If you have ever been in a Montessori classroom, you might be surprised to find the number of children cleaning, washing windows, and pouring different liquid forms. Practical Life can seem strange if we have only been a part of a traditional classroom setting, and by performing these activities, these students are learning.
Dr. Maria Montessori emphasized movement as the foundation of all learning, particularly in the first three years of life. During this sensitive period for movement, children gravitate towards activities that utilize their instincts to participate in the social world around them. Through the social world, children discover how their actions impact themselves and their community. Practical Life activities foster these two main areas of development through the care of self and the care of the environment.
Care of Self
By encouraging children to care for themselves, Montessori is preparing a child to participate in the essential activities expected of them in the future. From pouring water to brushing teeth, a confident child is a productive individual, a necessary part of human culture. By being independent, a child can come to create the context of the “self” and contribute to the community in which they function.
Care of Environment
For students who engage in Practical Life activities, caring for the environment comes as naturally as caring for oneself. By honing a child’s inclination for order, particularly prevalent in the first six years of life, we can help them gain respect. A child is a member of their community not just because of how they behave but also because of how they contribute to the community and show respect. Students contribute to jobs and necessary functions by cleaning up after themselves or caring for plants, among many other essential functions.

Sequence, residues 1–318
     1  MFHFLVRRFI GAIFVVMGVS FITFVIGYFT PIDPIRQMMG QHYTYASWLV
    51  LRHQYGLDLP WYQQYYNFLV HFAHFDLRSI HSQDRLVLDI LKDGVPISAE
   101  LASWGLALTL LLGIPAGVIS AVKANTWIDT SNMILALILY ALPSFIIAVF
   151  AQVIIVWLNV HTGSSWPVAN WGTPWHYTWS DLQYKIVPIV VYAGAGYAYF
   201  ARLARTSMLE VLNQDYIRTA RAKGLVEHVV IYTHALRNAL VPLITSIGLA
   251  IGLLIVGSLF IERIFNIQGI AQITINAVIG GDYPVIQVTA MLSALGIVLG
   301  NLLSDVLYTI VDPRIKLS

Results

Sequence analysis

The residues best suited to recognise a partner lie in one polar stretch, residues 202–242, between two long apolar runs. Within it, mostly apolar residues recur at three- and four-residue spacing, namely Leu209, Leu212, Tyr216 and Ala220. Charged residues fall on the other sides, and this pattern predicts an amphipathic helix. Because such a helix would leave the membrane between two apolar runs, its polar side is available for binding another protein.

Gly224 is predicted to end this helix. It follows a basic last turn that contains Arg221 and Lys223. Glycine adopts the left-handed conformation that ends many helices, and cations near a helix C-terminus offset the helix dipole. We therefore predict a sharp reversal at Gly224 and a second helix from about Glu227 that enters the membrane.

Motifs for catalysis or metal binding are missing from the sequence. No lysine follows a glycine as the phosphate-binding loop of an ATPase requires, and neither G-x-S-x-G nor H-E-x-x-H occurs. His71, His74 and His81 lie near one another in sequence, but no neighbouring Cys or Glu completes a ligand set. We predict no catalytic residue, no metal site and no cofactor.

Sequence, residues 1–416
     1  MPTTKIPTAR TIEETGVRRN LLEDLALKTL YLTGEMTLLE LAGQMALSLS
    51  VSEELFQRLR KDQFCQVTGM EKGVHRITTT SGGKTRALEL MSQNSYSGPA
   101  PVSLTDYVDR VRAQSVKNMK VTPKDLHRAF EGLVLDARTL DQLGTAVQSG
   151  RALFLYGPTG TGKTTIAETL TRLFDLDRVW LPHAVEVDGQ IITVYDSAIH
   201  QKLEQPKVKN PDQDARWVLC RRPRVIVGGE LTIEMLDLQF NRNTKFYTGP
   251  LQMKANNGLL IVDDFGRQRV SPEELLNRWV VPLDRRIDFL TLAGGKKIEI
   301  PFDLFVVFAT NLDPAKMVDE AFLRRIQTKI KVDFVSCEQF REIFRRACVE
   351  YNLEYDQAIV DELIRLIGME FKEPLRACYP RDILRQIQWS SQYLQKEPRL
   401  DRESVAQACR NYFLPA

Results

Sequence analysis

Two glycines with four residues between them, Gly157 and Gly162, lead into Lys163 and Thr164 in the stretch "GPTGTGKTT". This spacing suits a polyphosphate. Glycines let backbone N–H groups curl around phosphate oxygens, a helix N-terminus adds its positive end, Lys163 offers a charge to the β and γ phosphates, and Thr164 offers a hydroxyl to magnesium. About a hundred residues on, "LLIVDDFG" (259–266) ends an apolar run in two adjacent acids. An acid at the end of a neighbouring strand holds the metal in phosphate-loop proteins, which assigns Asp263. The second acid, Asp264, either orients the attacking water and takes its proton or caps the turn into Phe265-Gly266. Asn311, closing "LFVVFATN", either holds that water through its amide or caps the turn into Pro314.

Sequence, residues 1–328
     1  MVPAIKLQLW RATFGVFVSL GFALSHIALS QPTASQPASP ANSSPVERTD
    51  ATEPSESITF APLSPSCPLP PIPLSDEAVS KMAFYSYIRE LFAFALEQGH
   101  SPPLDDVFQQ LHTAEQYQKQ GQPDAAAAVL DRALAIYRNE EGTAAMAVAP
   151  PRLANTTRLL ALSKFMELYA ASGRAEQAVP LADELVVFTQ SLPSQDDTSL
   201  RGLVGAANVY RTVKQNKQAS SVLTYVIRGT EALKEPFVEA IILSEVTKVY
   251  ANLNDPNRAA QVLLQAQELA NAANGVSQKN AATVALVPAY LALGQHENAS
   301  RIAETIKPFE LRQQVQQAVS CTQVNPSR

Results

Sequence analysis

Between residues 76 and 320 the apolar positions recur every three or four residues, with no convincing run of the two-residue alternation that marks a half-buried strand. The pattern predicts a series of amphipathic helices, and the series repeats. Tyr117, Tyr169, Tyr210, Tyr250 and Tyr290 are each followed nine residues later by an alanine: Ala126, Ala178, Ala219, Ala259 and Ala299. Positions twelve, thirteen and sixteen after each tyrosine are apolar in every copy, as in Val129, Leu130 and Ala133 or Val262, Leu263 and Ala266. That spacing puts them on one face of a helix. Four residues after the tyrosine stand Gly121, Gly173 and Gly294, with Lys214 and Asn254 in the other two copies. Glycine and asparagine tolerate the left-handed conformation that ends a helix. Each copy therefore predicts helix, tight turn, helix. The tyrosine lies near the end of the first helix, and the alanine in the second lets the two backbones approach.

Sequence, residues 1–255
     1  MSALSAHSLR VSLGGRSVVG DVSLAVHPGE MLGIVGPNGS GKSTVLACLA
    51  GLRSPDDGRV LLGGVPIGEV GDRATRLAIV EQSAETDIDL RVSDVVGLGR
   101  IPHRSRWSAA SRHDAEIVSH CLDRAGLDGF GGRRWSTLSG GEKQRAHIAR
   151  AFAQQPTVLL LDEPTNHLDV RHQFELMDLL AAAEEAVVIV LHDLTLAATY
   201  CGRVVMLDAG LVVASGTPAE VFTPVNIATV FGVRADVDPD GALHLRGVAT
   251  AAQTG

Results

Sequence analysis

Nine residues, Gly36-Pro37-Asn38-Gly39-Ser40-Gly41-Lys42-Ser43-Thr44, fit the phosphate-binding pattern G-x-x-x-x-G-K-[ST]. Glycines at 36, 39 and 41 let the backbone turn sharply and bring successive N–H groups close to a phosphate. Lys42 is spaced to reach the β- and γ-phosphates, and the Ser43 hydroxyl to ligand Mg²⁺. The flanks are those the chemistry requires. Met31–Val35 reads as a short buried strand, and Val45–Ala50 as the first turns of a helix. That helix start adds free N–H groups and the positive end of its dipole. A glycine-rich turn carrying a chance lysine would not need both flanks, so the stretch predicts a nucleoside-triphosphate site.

Foundation for All Academics
By honing their natural inclination for order and encouraging a child to engage in activities that prepare them for everyday tasks, Montessori is building the foundation and coordination for purposeful knowledge. For example, the practical life activity of pouring water is strengthening the muscles in the hand that holds a pencil. The muscles that control a pencil are called pincer grasp, a vital skill humans acquire and the basis of civilization and all academic functions. This ability to correctly hold objects (i.e., pencil) allows humans to express themselves through language or problem-solving in mathematics.
Beyond pincer grasp, practical life exercises have precise and orderly processes broken down into exact steps. These sequences of events are known as logical processes and are an essential step in building concentration. The inner discipline acquired through these processes helps children continue to engage in academic curriculum and is the basis for all theoretical knowledge.
It helps a child reach their full potential.
Practical Life builds the necessary skills for life. Through care of self and environment, a child learns the necessities of being and the social-emotional regulation to carry out these tasks confidently and purposefully. Montessori builds the human, and through practical life we can assist our students in coming to their full potential.